What is it about?

Our brains are wired to make us susceptible to things that sound true but aren't, and this same pre-programming makes it hard for the truth to push out the fiction. We explain the economics that makes us ready to believe the myths of amateurism and then point out the rational arguments that ought to prevail instead.

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Why is it important?

Because the multi-billion dollar industry of college sports rests on a four broad categories of myth, and because relying on your gut instinct will trick you into falling for "truthy" sounding fictions, understanding why you should push back on your confirmation bias and examine the claims for what they really are will lead you to key insights and help contribute to better economic policy in college sports.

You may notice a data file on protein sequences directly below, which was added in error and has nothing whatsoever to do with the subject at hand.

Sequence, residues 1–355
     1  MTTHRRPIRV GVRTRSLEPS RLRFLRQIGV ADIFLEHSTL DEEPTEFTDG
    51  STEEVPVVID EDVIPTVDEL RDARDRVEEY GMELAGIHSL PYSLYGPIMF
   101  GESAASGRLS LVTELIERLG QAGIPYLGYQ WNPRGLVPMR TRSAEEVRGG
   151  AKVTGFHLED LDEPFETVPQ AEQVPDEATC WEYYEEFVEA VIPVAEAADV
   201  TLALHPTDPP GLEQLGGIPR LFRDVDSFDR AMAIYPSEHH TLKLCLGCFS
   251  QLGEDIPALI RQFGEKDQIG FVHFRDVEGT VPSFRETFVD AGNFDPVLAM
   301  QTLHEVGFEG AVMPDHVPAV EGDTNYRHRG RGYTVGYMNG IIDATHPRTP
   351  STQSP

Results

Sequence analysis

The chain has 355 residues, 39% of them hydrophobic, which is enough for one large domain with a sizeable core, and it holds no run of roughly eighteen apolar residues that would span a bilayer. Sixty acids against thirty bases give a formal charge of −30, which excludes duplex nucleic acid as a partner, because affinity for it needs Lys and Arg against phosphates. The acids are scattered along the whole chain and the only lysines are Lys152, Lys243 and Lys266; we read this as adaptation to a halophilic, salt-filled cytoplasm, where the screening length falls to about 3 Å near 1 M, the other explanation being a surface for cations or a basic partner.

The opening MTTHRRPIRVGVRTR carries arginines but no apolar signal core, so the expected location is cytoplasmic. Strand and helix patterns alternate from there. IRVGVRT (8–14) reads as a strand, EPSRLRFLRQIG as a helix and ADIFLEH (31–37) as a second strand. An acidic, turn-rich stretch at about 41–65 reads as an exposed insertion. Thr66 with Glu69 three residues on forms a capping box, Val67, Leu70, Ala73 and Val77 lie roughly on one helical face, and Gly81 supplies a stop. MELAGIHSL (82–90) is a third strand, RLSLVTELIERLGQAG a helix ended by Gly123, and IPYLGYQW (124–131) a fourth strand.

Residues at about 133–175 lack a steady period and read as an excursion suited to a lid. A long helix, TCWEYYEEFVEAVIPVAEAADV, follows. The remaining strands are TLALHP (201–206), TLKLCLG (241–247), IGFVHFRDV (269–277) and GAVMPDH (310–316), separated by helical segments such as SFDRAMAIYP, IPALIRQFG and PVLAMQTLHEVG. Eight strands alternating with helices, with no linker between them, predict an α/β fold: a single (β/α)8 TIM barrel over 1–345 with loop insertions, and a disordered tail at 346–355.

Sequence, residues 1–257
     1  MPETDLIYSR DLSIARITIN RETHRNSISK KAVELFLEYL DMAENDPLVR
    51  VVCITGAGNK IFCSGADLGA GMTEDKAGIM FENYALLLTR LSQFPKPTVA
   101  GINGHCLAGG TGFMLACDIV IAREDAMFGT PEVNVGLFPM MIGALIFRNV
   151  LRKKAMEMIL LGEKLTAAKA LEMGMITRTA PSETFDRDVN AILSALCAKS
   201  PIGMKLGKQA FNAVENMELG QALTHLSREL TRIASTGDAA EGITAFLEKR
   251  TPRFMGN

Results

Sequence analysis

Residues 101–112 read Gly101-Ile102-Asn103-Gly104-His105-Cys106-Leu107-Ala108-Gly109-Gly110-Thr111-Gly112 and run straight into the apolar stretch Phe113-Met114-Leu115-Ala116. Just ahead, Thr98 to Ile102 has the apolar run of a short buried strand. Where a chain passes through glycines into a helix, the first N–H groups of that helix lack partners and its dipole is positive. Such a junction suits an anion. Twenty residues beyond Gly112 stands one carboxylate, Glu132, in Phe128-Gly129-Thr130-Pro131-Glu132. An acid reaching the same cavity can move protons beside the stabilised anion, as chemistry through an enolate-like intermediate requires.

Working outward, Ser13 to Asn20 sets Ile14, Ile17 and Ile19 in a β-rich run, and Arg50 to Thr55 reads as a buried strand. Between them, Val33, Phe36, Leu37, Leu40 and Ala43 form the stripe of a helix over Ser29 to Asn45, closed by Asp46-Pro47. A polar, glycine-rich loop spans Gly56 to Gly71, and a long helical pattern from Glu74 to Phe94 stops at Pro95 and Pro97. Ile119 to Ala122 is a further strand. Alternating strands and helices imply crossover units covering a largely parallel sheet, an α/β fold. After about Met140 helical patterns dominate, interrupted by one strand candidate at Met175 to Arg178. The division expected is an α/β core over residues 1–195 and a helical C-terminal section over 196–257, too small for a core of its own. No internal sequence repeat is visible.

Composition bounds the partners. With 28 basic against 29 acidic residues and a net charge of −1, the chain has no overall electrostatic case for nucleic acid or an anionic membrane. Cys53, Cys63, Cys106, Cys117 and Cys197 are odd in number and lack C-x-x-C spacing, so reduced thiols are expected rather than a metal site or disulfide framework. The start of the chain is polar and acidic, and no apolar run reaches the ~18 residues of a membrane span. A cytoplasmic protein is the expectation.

I set out to write this paper as an update to my 2011 paper "Excuses not Reasons" which laid out 13 specific NCAA myths that I saw as pretexts. In my view, the nuch simpler explanation for why athlete compensation is capped is because the schools see it as a way to keep their costs down (which ironically doesn't really work, as the money gets spent elsewhere anyway). In this paper, Kevin Trahan and I wanted to do two things -- to update the data supporting our arguments that the claims are fictitious, but also to help people understand why it's so easy to believe them even when they are false.

Mr Andy Schwarz

Read the Original

This page is a summary of: The Mythology Playbook, The Antitrust Bulletin, March 2017, SAGE Publications, DOI: 10.1177/0003603x17691382.
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